I so so like the statement. It's dead on right.
  9. 4 points
    Really??!?!? Are you serious? If they changed the Boy Scout book to add some pictures of girls and changed some pronouns you would have went nuts claiming they “changed the program”. They are adding a girls book with picture of girls and adding “she” instead of “he”. They did this in a separate book so they don’t upset the existing boys and their leaders... and that is now an issue? WOW! Perhaps we need to add trigger warnings to any BSA announcements going forward so existing leaders can go to their safe spaces prior to hearing such things like there is a scouts BSA book with pictures of girls or uniform pants that come out and are sized for girls. Oh, the humanity! 😀 There is a lot to complain about but having a separate book (as long as gender is the only delta) makes sense given how they are introducing the program as non coed.
  10. 3 points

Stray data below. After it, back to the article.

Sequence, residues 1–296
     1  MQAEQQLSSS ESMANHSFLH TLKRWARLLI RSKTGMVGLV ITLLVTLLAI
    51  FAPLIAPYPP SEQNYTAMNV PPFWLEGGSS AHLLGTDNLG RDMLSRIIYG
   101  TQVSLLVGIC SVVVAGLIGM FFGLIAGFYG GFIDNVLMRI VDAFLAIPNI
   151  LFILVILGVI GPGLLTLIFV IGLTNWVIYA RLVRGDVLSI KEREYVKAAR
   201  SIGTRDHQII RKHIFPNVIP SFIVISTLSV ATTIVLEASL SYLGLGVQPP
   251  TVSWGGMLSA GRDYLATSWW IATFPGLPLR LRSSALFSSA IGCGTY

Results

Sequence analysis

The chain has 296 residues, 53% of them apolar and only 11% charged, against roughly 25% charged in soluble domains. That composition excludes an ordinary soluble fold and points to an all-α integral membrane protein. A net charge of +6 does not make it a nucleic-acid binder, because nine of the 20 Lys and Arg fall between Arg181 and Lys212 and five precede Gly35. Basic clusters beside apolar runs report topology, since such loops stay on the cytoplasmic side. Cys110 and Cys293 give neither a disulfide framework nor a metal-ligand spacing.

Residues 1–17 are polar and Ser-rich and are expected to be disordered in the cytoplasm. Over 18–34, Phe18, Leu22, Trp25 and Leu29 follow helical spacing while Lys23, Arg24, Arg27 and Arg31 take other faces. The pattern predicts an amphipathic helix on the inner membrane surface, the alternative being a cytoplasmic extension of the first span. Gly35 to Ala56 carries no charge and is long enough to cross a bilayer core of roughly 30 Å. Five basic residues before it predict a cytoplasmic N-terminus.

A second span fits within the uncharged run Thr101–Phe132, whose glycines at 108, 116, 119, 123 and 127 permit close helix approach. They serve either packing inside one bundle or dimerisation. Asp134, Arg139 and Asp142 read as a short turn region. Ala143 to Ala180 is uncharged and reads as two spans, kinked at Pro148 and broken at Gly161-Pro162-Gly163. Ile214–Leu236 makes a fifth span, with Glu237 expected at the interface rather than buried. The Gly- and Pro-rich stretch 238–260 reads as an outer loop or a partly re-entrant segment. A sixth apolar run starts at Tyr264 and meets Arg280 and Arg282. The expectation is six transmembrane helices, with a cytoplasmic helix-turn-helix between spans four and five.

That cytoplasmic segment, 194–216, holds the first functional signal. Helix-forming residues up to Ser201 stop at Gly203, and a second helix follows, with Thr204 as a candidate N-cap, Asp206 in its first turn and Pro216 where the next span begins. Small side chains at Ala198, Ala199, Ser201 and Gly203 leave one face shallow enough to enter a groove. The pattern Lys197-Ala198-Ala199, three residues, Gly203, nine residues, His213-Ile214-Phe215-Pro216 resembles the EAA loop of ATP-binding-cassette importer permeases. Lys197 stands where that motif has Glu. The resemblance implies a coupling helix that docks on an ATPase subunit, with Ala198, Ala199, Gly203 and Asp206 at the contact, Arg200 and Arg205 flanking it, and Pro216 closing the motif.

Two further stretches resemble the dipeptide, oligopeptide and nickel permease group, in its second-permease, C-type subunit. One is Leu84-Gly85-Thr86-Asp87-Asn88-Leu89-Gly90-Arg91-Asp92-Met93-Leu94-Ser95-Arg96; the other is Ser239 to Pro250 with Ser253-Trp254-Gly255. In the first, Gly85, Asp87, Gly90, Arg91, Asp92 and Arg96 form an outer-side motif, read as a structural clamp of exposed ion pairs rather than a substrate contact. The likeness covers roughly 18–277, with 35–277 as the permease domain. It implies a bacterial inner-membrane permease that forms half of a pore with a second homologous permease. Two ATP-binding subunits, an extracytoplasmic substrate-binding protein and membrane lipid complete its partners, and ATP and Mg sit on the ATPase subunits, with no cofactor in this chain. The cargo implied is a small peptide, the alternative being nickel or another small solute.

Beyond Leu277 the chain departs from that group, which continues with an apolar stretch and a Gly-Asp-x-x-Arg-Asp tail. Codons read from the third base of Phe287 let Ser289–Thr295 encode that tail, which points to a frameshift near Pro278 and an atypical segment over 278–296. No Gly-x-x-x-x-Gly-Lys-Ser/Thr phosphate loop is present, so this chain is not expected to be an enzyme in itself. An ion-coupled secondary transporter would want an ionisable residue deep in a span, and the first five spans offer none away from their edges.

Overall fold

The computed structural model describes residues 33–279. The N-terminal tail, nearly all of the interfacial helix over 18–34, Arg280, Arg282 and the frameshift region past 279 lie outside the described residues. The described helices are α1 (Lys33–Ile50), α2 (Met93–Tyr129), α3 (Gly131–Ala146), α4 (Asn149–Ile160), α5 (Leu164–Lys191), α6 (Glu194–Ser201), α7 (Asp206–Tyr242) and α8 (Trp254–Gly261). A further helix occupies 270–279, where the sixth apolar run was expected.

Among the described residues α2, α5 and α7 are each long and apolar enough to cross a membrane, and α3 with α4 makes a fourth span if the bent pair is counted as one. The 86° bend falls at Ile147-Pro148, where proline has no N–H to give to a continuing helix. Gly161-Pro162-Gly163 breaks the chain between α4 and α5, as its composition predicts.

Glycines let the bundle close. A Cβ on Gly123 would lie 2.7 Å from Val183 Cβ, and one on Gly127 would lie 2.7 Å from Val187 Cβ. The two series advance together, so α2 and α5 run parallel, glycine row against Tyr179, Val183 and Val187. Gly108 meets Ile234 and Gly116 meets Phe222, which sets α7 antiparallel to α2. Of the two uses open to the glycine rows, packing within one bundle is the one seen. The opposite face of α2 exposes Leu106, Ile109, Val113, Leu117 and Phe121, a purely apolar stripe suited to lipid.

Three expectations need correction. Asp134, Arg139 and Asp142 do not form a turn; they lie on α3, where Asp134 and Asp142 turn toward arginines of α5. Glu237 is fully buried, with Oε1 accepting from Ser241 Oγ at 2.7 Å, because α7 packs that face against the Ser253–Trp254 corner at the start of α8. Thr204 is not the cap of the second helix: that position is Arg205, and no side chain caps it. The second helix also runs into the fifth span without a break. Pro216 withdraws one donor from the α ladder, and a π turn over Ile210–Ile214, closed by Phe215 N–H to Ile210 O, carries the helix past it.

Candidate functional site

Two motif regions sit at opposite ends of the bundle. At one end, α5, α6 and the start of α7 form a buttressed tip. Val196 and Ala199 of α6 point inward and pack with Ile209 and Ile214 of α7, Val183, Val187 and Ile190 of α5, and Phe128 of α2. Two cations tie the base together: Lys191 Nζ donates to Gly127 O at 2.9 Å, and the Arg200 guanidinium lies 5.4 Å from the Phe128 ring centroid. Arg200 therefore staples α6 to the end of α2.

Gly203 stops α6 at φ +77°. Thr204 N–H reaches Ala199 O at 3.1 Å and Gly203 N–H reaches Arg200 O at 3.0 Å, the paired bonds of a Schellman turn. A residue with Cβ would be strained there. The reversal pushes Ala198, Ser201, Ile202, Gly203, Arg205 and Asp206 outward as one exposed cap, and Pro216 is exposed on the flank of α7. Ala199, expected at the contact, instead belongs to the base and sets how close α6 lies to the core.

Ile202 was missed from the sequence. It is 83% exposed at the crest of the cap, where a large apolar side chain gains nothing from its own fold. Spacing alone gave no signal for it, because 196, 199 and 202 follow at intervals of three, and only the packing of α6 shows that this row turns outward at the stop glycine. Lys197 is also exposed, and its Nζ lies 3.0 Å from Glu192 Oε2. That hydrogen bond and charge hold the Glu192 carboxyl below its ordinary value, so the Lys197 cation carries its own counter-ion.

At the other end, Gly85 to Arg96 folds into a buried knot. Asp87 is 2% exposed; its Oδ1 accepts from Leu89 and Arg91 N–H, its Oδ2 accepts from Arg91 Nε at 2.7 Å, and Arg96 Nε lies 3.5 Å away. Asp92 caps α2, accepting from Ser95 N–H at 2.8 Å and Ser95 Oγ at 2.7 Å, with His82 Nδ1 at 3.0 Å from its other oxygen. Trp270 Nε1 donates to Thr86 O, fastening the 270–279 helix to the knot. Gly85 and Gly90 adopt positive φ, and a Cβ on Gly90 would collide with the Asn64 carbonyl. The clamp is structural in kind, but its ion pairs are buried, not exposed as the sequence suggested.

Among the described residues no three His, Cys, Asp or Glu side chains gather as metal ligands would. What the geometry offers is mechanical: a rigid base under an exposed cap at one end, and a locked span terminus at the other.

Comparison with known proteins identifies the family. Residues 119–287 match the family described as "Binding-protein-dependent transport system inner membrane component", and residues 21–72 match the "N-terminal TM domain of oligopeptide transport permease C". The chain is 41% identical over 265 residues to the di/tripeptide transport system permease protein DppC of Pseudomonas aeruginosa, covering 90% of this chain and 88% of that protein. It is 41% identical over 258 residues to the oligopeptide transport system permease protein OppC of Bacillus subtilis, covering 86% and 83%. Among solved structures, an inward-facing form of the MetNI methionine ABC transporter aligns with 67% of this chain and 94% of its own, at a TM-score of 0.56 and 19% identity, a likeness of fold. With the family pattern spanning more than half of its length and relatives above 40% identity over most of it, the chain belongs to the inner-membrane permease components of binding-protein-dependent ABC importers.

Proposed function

Hello fellow Scouters and thank you for letting me join this forum! I wanted to share something with everyone that I recently created for a group of scoutmasters I met at a University of Scouting event here in the Omaha metro. When my boys bridged over from Webelos the former scoutmaster found out I was an Eagle Scout and military veteran, so he asked if I wanted to take the reins of troop since his sons had made Eagle scout years ago. While I have years of Scouting under my belt and years of experience utilizing my survival skills in Afghanistan, I was very nervous. Honestly, I didn't even know where to start. 1). I wasn't born in Nebraska and didn't grow up here, so I had no clue about the hidden-treasure campsites all of the others seem to know about. 2). Military experience does not somehow magically give someone the ability to train youth. 3). I was now responsible for the lives of 70+ boys during troop activities and campouts. All I can say is... wow! I was completely overwhelmed, so I went back to the basics. What makes the troop run? Answer... the Patrol Leaders' Council (PLC). How can I get 70+ boys on the same page? Answer... a strong Senior Patrol Leader (SPL) that has the Patrol Leaders (PLs) constantly using the Patrol Method. How can I ensure consistency? Answer... develop a Standard Operation Procedure (SOP) that acts as a sort of living-and-breathing pass down book of information. We had a closet of binders with all sorts of outdated information and, of course, there was the sea of online resources out there that was like trying to take a drink from a fire hydrant. That got me thinking about the next scoutmaster... the one after that... so on and so forth. I thought to myself... what is the most simple way to collect and share information? Answer... OneNote. It is a very basic, but very powerful (free) program management tool that is pre-loaded on all Microsoft machines, it is accessible online, and it can be accessed on all smartphones/tablets (it is available for Macs too). So, in keeping with the scouting spirit... I made a public version of the OneNote digital Troop Book I compiled for my Troop and I am wanting to share it with all of you. This is what the SPL uses to help run the show. Now, this is a public version that everyone can use to copy tabs and pages over to their troop's own OneNote file... but feel free to add tabs and information to this public version. https://1drv.ms/f/s!Alr8Y5Jfi-zJhJJB7gi6h9RKI_o-ug I know some folks aren't familiar with OneNote, or how to even copy pages from this public version to a private version for their own troop, so I created a sort of "how to" instructional video. Up front, I am not a professional narrator... and I was kind of just winging it... but here is the URL to the instructional video... https://youtu.be/bWdN0jjrnj8 Overall, there are a lot of changes happening in scouting... so our focus needs to be on delivering a quality training program to the scouts in our community. For those that are new to scouting and don't know where to start... I hope this helps get you on the right path.